Ford Motor and General Motors suddenly seem to agree that high gas prices are here to stay, and therefore so is the shift out of big pickups and SUVs, and into small cars and crossovers.
Chrysler has been more cautious in its rhetoric than Ford and GM. And while Ford has cut truck production this year, and GM has also announced production cuts, Chrysler executives said they entered 2008 with lower expectations to start with, so they've had less to cut.
A cynical person would add that Chrysler extended its $2.99 gas promotion, offering to pay consumers the difference between $2.99 and the price at the pump for three years. That could indicate Chrysler is less convinced than its rivals that gas will keep going up.
So are high gas prices really here to stay? It's easy to find oil industry analysts on both sides of that issue.
Some think high gas prices were artificially "Made in America" by political policymakers, as much as by market forces, and should start to come down. Other analysts think gas prices will continue even higher.
Either way, consumers seem to think high gas prices are here to stay, according to a Gallup Poll. Maybe that perception is just as important to the automakers as any attempt to forecast gas prices.
Jim Farley, group vice president, marketing and communications for Ford, described the shift from trucks to cars as "permanent," in a June 3 conference call.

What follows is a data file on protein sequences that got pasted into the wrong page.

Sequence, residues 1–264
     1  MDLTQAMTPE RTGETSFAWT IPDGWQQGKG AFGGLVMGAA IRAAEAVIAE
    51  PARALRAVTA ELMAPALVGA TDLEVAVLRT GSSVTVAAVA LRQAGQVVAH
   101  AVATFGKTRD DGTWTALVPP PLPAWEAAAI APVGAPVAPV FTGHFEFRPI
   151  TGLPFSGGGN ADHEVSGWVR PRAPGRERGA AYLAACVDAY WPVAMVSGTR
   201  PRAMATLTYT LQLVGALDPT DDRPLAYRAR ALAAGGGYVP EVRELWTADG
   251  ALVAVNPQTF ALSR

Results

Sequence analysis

George Pipas, Ford's U.S. sales analysis manager, said that for all of 2008, Ford expects to build roughly 60 percent cars and crossover vehicles in North America, and 40 percent pickup trucks and SUVs. Last year, it was 48 percent cars and crossovers, and 52 percent pickups and SUVs. "That gives you an indication where we're heading, not only in 2008, but beyond," Pipas said.
GM announced separately on the same day that it will permanently close four truck plants, and undertake a so-called strategic review of the Hummer brand. That's corporate-speak for, "Blindfold? How about a last cigarette?"
So even if gas prices do come back down, Hummer may not be around to find out, and maybe those four GM factories won't either.
GM and Ford aren't planning to wait to find out.